Cephalexin is a relatively mild antibiotic of the cephalosporin family, used to treat a somewhat narrow range of bacterial infections. It is generally used to treat infections of the skin, but can also be used to treat various ear and throat infections, as well as those of the respiratory and urinary tracts. Bacteria such as Staphylococcus aureus, Streptococcus pneumoniae, Haemophilus influenzae, and E. coli are some of the more notable bacteria known to be suceptible to cephalexin.

Cephalexin is available under a variety of brand names, such as Biocef, Keflex, Keftab, and Zartan. It is usually taken in pill or tablet form, although it is possible to ingest it via a liquid suspension. This, like all antibiotics, does require a prescription. Likewise, although the chance of overdose when using cephalaxin is low, it is nonetheless possible. Thus, all precautions taken with other drugs, such as those concerning allergies, pregnancy, drug interaction, and proper dosage, should be heeded.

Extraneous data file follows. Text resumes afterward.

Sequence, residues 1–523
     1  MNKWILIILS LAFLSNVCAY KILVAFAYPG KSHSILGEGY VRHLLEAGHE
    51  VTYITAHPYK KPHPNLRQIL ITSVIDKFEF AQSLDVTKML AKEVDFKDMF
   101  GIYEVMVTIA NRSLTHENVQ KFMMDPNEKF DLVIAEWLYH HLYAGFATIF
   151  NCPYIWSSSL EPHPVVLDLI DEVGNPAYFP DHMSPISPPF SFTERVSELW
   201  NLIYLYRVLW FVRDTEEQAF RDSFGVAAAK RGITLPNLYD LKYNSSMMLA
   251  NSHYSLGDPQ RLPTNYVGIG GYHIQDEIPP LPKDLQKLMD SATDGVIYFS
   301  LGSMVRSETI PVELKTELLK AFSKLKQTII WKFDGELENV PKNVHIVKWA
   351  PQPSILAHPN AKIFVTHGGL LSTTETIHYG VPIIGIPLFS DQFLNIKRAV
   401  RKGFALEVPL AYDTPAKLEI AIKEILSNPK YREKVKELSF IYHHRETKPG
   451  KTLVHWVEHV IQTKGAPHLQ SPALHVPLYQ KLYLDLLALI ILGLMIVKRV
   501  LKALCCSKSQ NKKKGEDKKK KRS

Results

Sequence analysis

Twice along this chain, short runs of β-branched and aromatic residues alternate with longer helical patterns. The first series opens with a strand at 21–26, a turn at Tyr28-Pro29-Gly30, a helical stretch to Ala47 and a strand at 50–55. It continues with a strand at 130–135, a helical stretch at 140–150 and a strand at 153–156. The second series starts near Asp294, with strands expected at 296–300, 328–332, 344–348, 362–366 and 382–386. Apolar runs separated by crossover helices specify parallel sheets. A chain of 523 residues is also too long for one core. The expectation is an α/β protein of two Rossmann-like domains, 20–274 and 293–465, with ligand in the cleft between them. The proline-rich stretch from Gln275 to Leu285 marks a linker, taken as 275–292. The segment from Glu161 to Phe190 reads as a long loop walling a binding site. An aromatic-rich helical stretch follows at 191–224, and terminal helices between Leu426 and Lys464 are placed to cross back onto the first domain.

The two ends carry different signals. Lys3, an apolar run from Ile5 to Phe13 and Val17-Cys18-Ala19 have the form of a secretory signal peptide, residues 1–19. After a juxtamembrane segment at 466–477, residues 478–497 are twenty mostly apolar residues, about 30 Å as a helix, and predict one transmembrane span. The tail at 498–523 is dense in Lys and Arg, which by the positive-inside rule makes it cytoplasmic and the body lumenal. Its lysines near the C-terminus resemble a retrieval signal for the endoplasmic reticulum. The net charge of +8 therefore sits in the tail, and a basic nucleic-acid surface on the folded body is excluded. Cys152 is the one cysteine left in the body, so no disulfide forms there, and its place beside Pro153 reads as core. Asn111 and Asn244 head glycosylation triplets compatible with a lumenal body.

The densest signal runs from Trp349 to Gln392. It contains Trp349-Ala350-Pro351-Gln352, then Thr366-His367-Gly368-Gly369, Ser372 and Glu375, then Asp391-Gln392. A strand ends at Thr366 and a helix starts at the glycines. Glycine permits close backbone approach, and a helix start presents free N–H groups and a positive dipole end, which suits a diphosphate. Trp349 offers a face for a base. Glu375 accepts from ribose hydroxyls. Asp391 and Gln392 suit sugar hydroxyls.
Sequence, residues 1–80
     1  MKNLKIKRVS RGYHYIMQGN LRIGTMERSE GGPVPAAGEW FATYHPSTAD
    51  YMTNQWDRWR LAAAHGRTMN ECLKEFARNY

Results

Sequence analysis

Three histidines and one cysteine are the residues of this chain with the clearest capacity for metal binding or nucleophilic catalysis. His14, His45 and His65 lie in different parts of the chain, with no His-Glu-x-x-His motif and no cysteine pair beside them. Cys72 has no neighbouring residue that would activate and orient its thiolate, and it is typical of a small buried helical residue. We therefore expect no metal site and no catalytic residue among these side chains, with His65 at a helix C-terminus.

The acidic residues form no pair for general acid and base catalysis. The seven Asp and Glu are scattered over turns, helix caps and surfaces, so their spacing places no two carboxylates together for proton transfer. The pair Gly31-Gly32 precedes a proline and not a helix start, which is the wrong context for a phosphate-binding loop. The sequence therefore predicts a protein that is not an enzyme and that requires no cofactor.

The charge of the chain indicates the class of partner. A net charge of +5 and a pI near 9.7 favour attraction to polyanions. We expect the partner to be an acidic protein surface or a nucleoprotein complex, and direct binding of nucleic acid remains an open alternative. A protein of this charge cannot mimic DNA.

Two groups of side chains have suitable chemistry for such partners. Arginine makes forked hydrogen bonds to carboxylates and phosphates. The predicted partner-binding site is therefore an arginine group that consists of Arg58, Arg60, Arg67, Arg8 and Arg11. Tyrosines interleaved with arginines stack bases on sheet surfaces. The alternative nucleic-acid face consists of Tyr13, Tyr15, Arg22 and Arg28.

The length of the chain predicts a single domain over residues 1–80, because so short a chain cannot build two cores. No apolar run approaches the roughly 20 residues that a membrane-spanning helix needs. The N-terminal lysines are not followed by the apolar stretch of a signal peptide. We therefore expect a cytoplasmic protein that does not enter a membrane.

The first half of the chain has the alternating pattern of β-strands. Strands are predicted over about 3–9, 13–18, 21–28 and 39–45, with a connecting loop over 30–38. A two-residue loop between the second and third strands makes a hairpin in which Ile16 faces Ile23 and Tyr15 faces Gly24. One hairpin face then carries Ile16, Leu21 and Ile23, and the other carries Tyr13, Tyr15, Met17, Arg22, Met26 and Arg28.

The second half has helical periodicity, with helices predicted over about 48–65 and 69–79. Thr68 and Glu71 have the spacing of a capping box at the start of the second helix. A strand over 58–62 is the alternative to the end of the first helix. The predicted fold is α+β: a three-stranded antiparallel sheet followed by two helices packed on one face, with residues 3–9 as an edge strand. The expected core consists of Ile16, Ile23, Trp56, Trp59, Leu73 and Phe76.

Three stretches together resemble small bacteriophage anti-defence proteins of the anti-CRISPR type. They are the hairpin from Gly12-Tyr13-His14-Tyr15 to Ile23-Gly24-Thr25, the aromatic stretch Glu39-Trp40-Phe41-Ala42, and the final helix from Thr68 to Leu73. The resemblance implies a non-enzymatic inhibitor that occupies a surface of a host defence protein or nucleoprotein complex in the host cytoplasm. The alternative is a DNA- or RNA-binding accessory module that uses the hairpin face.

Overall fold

Works Referenced:

  • http://www.chem.ox.ac.uk/mom/cephalexin/cephalexin.html (Jenny Williams)
  • http://my.webmd.com/content/drugs/1/4046_1483.htm
  • http://www.medicinenet.com/cephalexin/article.htm (Omudhome Ogbru, Pharm.D.)

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